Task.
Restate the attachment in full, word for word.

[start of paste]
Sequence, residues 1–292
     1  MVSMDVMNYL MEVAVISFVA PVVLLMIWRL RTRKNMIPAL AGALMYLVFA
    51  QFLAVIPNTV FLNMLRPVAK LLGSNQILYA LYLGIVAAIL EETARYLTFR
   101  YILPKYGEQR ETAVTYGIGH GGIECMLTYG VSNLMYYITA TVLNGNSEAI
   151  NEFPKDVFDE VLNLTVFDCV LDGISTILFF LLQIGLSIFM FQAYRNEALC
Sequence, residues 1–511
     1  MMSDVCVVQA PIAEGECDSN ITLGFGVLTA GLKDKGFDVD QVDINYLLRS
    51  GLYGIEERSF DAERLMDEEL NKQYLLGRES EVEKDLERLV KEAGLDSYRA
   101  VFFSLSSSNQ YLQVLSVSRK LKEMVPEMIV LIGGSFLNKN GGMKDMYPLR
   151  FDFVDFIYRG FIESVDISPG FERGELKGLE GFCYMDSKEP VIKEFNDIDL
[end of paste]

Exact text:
Sequence, residues 1–292
     1  MVSMDVMNYL MEVAVISFVA PVVLLMIWRL RTRKNMIPAL AGALMYLVFA
    51  QFLAVIPNTV FLNMLRPVAK LLGSNQILYA LYLGIVAAIL EETARYLTFR
   101  YILPKYGEQR ETAVTYGIGH GGIECMLTYG VSNLMYYITA TVLNGNSEAI
   151  NEFPKDVFDE VLNLTVFDCV LDGISTILFF LLQIGLSIFM FQAYRNEALC
Sequence, residues 1–511
     1  MMSDVCVVQA PIAEGECDSN ITLGFGVLTA GLKDKGFDVD QVDINYLLRS
    51  GLYGIEERSF DAERLMDEEL NKQYLLGRES EVEKDLERLV KEAGLDSYRA
   101  VFFSLSSSNQ YLQVLSVSRK LKEMVPEMIV LIGGSFLNKN GGMKDMYPLR
   151  FDFVDFIYRG FIESVDISPG FERGELKGLE GFCYMDSKEP VIKEFNDIDL